The default settings for the extraction ensure you get a useful result. The outcome is a Software AG Interface Definition Language (IDL) workbench file with the extension .idl as shown in Figure 5.

Figure 5: A Software AG IDL is the extraction result of a Natural server subprogram extraction.

The Software AG IDL file can be treated as an intermediate result required for further processing. It is the central starting point for all EntireX wrappers. EntireX usually generates communication source code for target endpoints from Software AG IDL. An IDL to programming language binding exists for every EntireX supported target endpoint. In EntireX terminology and documentation, the runtime objects built from this generated code are called interface objects. However, you do not need a deep dive into Software AG IDL. For those who are interested, refer to the EntireX documentation > Reference > IDL File.

In our scenario, the Natural server subprogram EMPLOYEE and the extracted interface EMPLOYEE match exactly 1:1, field by field, see Figures 2 and 5. By default, the interface name EMPLOYEE  4 (Fig. 5) and the IS Service name  5  (Fig. 9) are taken from the Natural server subprogram name, see  4 (Fig. 4).

Generate IS service and IS connection  

Generating the IS service and the IS connection is straightforward. Important settings are highlighted in the following designer snapshots Figures 6 to 8. If not already done, switch to the EntireX perspective. Use the context menu of the Software AG IDL file to start the EntireX webMethods Integration Server Wrapper as shown in Figure 6.

Figure 6: Designer Snapshot on IInvoking EntireX webMethods IS Wrapper

On the first page of the IS wrapper, shown in Figure 7, select the radio-button Create a new Integration Server connection; to connect to Natural select type EntireX RPC Connection too. Press NEXT for the second page.

Figure 7: Designer Snapshot on Selection of Connection Type for IS Connection

On the second page of the IS wrapper, shown in Figure 8, you specify the connection name and target package and folder.

Figure 8: Designer Snapshot on Specifying Connection Properties

Press Finish to get the IS service EMPLOYEE  5  (Figure 9) and IS Connection EmployeesConnection as the result:

Figure 9: Designer snapshot on generated EntireX adapter service Input/Output signature

You can use the generated EntireX adapter service like any other IS service—there is no difference. As the webMethods IS developer, you do not require any Natural specific knowledge on PDAs, LDAs, Subprograms, DDMs, CALLNATs, FUSER, FNAT, packed and unpacked formats, X-arrays, etc. EntireX takes care of mapping Natural specific data types automatically to suitable Integration Server data types. For example the Natural X- array EMPLOYEES (1:*)  (Fig. 2) is mapped to Integration Server document list EMPLOYEES  (Figures 9-10).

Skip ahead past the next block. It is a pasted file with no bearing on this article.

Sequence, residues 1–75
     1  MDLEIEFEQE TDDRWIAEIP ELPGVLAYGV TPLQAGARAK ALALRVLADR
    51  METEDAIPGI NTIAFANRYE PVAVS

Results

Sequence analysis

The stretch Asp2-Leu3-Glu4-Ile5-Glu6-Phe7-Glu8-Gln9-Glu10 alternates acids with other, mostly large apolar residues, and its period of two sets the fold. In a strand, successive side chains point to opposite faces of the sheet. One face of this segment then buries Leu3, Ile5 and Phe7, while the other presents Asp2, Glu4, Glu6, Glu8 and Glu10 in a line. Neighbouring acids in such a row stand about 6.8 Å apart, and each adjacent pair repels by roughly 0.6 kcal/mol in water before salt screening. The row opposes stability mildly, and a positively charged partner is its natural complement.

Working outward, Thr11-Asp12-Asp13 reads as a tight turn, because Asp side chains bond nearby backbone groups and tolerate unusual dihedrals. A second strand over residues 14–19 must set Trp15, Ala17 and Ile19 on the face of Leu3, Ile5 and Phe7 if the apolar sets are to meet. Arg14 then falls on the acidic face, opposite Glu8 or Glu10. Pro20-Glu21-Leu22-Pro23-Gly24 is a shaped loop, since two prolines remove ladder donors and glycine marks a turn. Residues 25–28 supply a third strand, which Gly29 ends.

Test IS service to Natural server subprogram  3 

For testing, use the service development perspective, as you do for every other IS service test shown in Figure 10.

Figure 10: Designer Snapshots on Execution Results of Generated EntireX Adapter Service

For our IS service example EMPLOYEE, specify ‘L’ to invoke the LIST operation  6  (Figure 10). Similarly, you specify ‘D’ to call the DETAILS operation  7 (Figure 10). The interface requires exactly the same input as the original Natural server (Figure 2). Likewise, the output corresponds to the Natural server also.

Summary

As demonstrated in this article, it is quite easy to develop a scenario where webMethods IS calls Natural without requiring you to have any knowledge of Natural. You only need to select the correct Natural server as shown in Figure 4. You can rely on EntireX to do all the work for you from design phase through runtime. Natural-specific data types are mapped automatically to suitable Integration Server data types.

Did you know that with EntireX you can modernize your Natural server even further without any source modifications? Interested? Then look for our article “How to shape a call to Natural from webMethods Integration Server –the modern way” in this issue of TECHniques or read “Common Integration Scenarios” from webMethods EntireX documentation.

Glossary of terms

B2B – Business-to-Business
B2C – Business-to-Consumer
DDM – Data Description Module / DB view
FNAT – container for Natural system programs
FUSER – container for Natural user applications
X-Array – Array of variable length (Natural)
Packed - coding for numeric data on Mainframes
Unpacked – coding for numeric data on Mainframes
IDL – Interface Description Language
IS – webMethods Integration Server
LDA – Local Data Area (Natural)
PDA – Parameter Data Area (Natural)
Subprogram – Procedure (Natural)
CALLNAT – Execute a subprogram (Natural-Syntax)